Bamboo Exposed: Mastery in Modernity of Hafu Matsumoto - Exploring the lineage of Take-Kôgei bamboo from Rokansai and Shokansai Iizuka
June 08, 2017 - June 30, 2017
Ippodo Gallery is pleased to present a solo show of Hafu Matsumoto (b. 1952), the last disciple of Shokansai Iizuka (1919-2004), dedicated to the tradition and innovation of Japanese craftsmanship. 20 of works will be on view, demonstrating the evolution of bamboo artistry through the solo showcase of Matsumoto’s unique skill. The exhibition coincides with Japanese Bamboo Art: The Abbey Collection, which reunites the works of both his teacher Shokansai and his father, the master Rokansai, at the Metropolitan Museum of Art this June.
The Bamboo Legacy
Although bamboo has been prized for thousands of years as a functional material, the Iizuka family led the life of modern bamboo. The legendary Take (bamboo)-Kôgei (craft) master Rokansai Iizuka’s (1890-1958) life’s ambition was to bring flattened bamboo art to the forefront. He was among the earliest pioneers striving to showcase bamboo as a significant art. His strong will and and extensive artistic training in drawing, painting, calligraphy, and poetry infused his interest in bamboo with a diverse range of knowledge and style.
Because Rokansai studied Sadô (tea ceremony) and Ikebana (flower arrangement), he manifested three styles of tea ceremony and brought them into Take- Kôgei. Iizuka’s bamboo wares are in one of three categories: Shin (真), Gyou (行), and Sou (草). Shin is characterized by elegant attention to detail in technique, while Gyou is a more relaxed. The earthiness and simplicity of the Sou style renders it the most difficult. Sou, known as wabi-sabi, is beautiful in its imperfection. In its reflection of reality, the true challenge is revealed.
Shokansai was Rokonsai’s son. He pursued basketry under the family’s legendary master. He enhanced Rokansai's efforts in bamboo with the prized embroidered plaiting technique, Sashiami, as well as bundled plaiting, Tabaneami, and irregular 'cracked ice' plaiting, Hyoretsuami. As his career progressed, the dedicated Shokansai received the honor of Living National Treasure in 1982.
Hafu Matsumoto Today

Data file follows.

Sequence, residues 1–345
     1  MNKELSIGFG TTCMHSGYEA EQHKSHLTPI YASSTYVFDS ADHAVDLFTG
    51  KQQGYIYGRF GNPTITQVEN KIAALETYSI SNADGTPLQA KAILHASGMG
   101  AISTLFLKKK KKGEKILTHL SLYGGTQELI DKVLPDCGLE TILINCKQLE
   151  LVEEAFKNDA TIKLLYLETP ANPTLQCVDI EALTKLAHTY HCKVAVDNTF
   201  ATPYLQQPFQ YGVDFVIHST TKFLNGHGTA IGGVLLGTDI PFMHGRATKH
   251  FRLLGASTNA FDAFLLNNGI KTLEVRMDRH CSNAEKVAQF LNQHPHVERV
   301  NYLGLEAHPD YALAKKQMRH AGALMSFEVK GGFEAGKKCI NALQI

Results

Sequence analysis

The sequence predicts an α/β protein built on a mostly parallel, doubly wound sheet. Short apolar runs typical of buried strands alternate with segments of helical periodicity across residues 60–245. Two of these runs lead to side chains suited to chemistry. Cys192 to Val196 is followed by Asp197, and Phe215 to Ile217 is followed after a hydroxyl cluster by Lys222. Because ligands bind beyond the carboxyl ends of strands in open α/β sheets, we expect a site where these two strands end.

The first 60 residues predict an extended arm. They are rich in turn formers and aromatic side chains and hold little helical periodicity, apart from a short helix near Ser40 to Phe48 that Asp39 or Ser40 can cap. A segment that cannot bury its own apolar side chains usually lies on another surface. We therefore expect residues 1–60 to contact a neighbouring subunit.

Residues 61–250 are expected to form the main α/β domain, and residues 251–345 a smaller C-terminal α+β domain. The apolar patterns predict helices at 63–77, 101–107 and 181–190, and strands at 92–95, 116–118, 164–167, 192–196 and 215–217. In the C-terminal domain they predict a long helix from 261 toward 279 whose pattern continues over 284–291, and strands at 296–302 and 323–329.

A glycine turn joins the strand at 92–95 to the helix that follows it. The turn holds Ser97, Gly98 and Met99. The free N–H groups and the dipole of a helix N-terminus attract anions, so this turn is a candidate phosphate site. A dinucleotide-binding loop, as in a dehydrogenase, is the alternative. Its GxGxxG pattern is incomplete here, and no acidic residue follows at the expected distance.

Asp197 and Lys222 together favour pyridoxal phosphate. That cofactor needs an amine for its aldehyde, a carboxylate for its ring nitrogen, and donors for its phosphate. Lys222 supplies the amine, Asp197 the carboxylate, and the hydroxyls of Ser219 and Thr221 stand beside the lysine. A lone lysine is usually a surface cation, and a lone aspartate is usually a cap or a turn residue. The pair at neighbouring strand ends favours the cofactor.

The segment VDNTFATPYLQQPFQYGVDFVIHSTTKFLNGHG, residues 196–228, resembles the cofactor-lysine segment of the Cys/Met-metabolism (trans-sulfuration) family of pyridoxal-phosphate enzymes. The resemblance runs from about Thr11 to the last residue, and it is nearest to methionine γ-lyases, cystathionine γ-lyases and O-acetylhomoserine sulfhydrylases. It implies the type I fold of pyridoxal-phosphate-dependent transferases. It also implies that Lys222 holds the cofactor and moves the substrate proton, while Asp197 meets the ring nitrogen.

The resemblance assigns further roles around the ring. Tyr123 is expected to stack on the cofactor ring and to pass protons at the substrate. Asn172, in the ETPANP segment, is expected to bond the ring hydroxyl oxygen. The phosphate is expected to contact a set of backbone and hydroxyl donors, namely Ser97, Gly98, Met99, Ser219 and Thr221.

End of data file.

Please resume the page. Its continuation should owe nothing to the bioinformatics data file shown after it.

Deriving from bamboo’s humble heritage and Rokansai’s groundbreaking technique, Matsumoto was Shokansai’s last apprentice. As such, Matsumoto’s work guards Japanese functional traditions while innovating bamboo as a sculptural form. His methodology at once embraces yet opposes the original traditions, challenging in its bridge between bamboo’s artistic future and its past. That Matsumoto is one of few living artists upholding these three techniques today is rare and significant.
Rokansai developed the Noshitake technique in Sou, but only Hafu Matsumoto has reprised it. The bamboo is carefully boiled, stretched, and ironed flat for its final smooth and malleable texture. It is hard work but the passion for the craft takes precedence, and the desire to present every aspect of the unmarred bamboo at its highest quality. As Matsumoto has said, “I weave bamboo with my pleasure. I weave by my body and mind, not by my hand.”
Hafu Matusmoto’ s current Noshitake took shape by trial and error. He learned the process himself through careful study. There are two general techniques within this bamboo art: Ami (Weaving) or Kumi (Crossing). This new development, Noshitake, does not belong to either one.
He continues to train in the traditional martial art and sword practice of I-ai dô, and studied Kendô, Japanese fencing, in childhood. He applies this discipline to the crafting of bamboo arts, treating it like the dō (way) he still studies today.
Bamboo is the severest material in Japanese Kôgei. Its endurance is reminiscent of a person of principle; its unbending nature esteemed mimic a strong, open mind. Like bamboo, the artist and his work have a straightforward and independent spirit: deceptively simple, yet all-encompassing. Much of the artist’s process is based in the preparation of the bamboo itself. Craftsman face the rawness of nature, held captive by the material’s properties. While these bamboo challenges can break the spirit like a dull blade, the obstacles are what make Take-Kôgei so unique.
Ultimately, Ippodo Gallery’s commitment to harmony in the natural world is consistent in this exhibition. Bamboo’s unyielding nature and the integrity of the form preserve the earth’s untouched beauty.
Hafu Matsumoto was born in Haneda, Tokyo, in 1952, and began apprenticing for Shokansai Iizuka in 1972. In 1976, he opened his first studio in Kyoto, subsequently moving to his present studio in Tateyama City, Chiba Prefecture. He has held solo shows in Tokyo, and been featured in group shows across Japan, New York, and the Asian Art Museum in San Francisco. He accepted the Chairman’s prize at the 61st Japan Traditional Kogei Exhibition in 2014.